For NorCal to save Steve and other dogs like him, they need foster homes. In fact, for rescues all over the world, foster homes are what can make the difference between life and death for dogs. Literally.
If you are willing to foster Steve (or any other dog), the foster application is at: norcalbullybreedrescue.com. They require foster homes to be local to Sacramento. That’s because Steve will need to go to their veterinarian and for other reasons listed on Steve’s Facebook thread.
Here is the rather long, but very important information about the responsibility involved in fostering a dog:
“Fostering is quite a bit like adopting (only less permanent), but we still need to be sure that the potential foster home is a good environment for a shelter dog. We need to know where the potential foster lives. They need to be local to us. This one is a deal breaker, and so many times people get frustrated with us thinking it’s because we don’t want to be put out. That’s not the case at all. Our fosters need to be close enough for us to do a yard check, but also close enough to bring their fosters to vet appointments, adoption events, fundraisers, and meet and greets with potential adopters. Living outside of a 50 mile radius of Sacramento makes all of the above nearly impossible. We also need our foster dogs to be close enough to us that if they begin experiencing behavioral issues with their foster dog, we can send our trainer to work with them.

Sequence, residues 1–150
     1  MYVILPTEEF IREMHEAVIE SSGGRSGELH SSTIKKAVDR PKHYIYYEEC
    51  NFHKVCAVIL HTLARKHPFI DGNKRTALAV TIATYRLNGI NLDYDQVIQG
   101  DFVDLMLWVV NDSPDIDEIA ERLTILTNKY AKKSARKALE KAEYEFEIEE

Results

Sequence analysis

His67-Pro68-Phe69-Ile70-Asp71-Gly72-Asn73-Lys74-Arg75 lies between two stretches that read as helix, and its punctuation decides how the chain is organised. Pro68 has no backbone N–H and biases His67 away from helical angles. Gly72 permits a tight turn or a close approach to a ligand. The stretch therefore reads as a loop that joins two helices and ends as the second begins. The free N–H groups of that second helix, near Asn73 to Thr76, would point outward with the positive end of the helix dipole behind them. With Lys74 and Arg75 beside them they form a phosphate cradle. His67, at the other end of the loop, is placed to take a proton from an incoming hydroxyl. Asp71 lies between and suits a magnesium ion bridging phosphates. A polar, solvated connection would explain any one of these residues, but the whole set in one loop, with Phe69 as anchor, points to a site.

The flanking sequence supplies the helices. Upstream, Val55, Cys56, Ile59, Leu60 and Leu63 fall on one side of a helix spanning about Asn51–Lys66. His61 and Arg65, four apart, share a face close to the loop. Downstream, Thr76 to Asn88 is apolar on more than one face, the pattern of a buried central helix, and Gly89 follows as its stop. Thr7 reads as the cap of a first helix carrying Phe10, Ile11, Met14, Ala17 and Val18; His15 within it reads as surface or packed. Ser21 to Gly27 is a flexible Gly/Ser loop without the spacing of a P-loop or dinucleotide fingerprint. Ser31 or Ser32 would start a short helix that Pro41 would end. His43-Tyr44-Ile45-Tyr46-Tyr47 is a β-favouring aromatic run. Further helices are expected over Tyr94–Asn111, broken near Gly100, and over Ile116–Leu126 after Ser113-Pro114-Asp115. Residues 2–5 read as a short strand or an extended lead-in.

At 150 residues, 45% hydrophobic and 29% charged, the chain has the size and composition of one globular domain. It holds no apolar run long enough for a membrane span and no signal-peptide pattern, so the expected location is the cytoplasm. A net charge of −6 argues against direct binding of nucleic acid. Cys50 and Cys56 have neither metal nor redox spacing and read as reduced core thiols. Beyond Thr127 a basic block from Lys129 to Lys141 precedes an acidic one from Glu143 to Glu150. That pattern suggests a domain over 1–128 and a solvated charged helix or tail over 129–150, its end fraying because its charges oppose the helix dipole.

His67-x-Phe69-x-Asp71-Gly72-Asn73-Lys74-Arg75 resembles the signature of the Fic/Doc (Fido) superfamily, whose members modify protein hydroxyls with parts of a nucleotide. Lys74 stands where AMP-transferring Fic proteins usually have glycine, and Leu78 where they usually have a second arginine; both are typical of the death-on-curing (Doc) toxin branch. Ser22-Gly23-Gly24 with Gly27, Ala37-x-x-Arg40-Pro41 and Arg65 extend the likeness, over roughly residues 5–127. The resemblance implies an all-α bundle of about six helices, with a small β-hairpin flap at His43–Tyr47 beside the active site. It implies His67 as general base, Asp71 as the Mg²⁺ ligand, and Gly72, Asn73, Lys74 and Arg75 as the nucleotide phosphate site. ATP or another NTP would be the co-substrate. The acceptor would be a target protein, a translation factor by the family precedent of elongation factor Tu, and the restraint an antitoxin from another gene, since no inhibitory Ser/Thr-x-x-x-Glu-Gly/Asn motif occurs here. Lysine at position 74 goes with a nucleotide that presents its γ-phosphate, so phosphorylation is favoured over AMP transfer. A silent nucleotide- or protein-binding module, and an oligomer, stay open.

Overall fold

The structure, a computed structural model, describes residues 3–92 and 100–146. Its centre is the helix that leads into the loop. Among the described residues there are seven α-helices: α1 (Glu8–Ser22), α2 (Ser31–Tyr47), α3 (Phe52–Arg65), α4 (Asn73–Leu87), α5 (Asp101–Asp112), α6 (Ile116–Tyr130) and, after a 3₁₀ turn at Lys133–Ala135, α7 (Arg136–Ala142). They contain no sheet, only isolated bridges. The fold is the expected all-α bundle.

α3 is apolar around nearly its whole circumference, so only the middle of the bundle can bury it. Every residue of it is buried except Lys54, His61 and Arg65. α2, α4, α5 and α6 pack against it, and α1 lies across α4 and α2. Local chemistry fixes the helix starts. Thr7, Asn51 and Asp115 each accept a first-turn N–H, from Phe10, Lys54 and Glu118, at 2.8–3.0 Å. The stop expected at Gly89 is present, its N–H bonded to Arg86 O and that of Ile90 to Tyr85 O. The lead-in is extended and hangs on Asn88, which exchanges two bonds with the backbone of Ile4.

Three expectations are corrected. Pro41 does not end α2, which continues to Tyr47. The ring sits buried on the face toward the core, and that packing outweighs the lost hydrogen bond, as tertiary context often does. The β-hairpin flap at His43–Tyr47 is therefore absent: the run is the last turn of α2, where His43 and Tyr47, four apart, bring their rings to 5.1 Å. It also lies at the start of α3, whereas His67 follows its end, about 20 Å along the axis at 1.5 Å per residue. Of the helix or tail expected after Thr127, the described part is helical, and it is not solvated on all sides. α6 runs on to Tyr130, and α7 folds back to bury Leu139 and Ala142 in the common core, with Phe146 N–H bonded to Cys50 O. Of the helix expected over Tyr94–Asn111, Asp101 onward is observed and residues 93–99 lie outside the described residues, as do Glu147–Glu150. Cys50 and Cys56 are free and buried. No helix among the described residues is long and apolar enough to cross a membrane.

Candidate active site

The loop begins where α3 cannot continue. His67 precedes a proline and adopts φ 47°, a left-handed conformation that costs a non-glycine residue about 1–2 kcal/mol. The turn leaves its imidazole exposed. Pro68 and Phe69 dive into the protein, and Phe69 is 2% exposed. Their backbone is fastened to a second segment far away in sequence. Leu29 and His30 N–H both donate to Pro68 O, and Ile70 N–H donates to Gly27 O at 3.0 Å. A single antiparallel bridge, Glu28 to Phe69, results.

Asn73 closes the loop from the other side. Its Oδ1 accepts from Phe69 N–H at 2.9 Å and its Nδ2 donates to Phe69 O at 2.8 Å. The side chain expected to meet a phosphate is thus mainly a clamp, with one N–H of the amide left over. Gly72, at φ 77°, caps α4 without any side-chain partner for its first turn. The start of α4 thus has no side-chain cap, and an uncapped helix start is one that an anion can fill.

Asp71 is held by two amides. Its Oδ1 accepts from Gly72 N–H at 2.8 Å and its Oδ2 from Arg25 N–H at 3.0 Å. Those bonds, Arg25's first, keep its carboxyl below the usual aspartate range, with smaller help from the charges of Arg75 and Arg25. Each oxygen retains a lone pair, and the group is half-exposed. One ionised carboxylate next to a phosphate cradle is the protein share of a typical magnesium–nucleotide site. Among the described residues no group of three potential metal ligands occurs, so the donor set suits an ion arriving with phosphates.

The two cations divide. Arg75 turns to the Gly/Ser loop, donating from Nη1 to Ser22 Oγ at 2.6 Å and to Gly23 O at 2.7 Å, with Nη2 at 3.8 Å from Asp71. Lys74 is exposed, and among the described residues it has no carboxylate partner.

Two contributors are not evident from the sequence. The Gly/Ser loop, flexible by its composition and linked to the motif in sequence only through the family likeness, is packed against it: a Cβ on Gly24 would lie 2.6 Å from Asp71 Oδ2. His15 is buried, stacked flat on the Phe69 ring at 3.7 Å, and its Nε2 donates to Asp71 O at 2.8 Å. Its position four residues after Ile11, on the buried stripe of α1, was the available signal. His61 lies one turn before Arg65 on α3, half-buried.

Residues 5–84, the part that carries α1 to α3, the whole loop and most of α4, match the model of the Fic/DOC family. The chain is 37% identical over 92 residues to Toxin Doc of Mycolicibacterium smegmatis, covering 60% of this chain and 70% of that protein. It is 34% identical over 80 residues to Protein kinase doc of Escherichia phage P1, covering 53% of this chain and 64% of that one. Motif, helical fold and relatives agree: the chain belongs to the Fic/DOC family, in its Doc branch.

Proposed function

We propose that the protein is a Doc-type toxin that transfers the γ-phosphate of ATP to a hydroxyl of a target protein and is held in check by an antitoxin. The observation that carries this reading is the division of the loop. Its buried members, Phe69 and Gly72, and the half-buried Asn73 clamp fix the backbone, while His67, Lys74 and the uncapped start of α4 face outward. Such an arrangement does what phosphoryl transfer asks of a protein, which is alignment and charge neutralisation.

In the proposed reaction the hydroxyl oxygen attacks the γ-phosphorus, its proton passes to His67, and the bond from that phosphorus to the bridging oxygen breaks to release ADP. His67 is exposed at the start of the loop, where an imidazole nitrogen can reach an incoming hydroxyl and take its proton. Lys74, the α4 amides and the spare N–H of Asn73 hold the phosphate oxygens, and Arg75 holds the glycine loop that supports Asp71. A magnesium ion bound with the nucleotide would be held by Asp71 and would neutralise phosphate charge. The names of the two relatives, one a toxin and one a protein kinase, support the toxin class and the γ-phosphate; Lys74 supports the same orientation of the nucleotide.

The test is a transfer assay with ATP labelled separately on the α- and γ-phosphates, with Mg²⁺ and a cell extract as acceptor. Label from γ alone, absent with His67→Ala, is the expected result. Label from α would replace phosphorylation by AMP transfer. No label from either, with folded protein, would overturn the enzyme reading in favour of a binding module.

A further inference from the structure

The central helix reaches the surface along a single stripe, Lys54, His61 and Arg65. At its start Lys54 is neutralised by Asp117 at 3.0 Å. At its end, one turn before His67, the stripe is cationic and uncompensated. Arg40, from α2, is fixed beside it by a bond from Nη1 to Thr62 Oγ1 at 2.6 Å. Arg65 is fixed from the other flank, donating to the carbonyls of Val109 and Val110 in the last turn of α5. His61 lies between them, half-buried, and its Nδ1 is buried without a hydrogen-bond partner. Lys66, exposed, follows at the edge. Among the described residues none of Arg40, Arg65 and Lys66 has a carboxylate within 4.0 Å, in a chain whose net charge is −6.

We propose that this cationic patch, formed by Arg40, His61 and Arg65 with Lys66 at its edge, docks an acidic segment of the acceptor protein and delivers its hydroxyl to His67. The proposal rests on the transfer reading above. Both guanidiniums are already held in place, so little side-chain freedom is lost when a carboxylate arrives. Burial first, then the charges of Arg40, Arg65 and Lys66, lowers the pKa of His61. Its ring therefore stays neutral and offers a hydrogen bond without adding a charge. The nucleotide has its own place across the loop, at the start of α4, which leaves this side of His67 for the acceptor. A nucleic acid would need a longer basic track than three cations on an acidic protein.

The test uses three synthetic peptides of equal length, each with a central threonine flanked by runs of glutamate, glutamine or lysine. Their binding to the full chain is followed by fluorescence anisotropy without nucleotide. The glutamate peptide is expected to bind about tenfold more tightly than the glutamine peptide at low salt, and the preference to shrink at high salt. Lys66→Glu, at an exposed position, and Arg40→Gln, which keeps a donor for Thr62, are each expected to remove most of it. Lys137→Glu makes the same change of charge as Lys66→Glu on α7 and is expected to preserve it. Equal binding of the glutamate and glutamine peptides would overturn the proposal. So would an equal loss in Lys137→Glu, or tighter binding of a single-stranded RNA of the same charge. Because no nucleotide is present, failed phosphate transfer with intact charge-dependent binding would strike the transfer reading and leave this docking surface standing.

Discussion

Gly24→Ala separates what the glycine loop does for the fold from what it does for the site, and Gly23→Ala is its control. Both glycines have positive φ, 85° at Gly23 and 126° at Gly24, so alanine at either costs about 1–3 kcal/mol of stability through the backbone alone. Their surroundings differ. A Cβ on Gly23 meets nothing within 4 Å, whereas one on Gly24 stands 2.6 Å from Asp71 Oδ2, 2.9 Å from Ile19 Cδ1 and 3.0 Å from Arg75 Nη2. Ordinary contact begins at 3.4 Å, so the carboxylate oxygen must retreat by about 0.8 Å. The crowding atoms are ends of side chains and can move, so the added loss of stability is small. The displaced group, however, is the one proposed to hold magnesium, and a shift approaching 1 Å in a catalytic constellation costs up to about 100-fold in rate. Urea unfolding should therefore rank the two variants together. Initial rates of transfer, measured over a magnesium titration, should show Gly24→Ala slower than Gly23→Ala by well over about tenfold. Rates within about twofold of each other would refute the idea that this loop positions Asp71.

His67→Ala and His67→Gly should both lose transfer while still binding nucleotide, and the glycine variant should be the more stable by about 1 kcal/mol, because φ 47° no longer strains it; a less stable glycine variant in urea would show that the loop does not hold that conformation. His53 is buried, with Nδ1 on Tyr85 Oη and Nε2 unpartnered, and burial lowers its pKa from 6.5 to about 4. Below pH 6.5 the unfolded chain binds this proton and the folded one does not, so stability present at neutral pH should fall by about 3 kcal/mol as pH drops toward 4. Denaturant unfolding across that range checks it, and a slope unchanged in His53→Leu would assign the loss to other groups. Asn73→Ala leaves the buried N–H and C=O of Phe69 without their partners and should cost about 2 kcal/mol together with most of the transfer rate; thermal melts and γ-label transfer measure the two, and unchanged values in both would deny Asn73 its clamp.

The MAIN reason that we are so selective with our fosters is because once we pull a dog, they become OURS. Meaning if it just “isn’t working out” at said foster home, we have to take the dog back. Back where, you ask? Well certainly not back to the shelter. And we can’t take any more on at our home. So where do they go? They don’t. They don’t “go.” A foster home has to be 100% committed to fostering a dog. Not willing to “try it out” or “give it a shot”. We have no plan B in place if the foster bails. So the foster can’t bail. It’s a huge commitment. If dogs need to be kept separate and crate rotated, that’s what has to happen. If a cat is being chased, the dog isn’t allowed around the cat. If things get chewed up, then things get chewed up. If a foster dog pees on the carpet, it pees on the carpet.
Shelter dogs aren’t going to come out of there perfect dogs that have no issues at all. They usually DO have issues. And we love them through those issues. We clean up the pee. We throw away chewed up shoes. We crate rotate. We get frustrated. But we don’t kick them out. That’s already happened to them once, and can’t happen again. Everyone wants to help, but our fosters have to be willing to go the distance. We provide EVERYTHING needed to foster a dog. Crate, food, bed, bowls, toys, leash, collar, treats, EVERYTHING. Not every rescue does this. We do it because we know it’s not easy to foster. In fact it can be really difficult sometimes. But in the end, the payoff is absolutely priceless.”
There is more information on his Facebook post.
If you are not local to Sacramento, but touched by Steve’s story, reach out to a local rescue. They, also, are desperately in need of committed foster homes.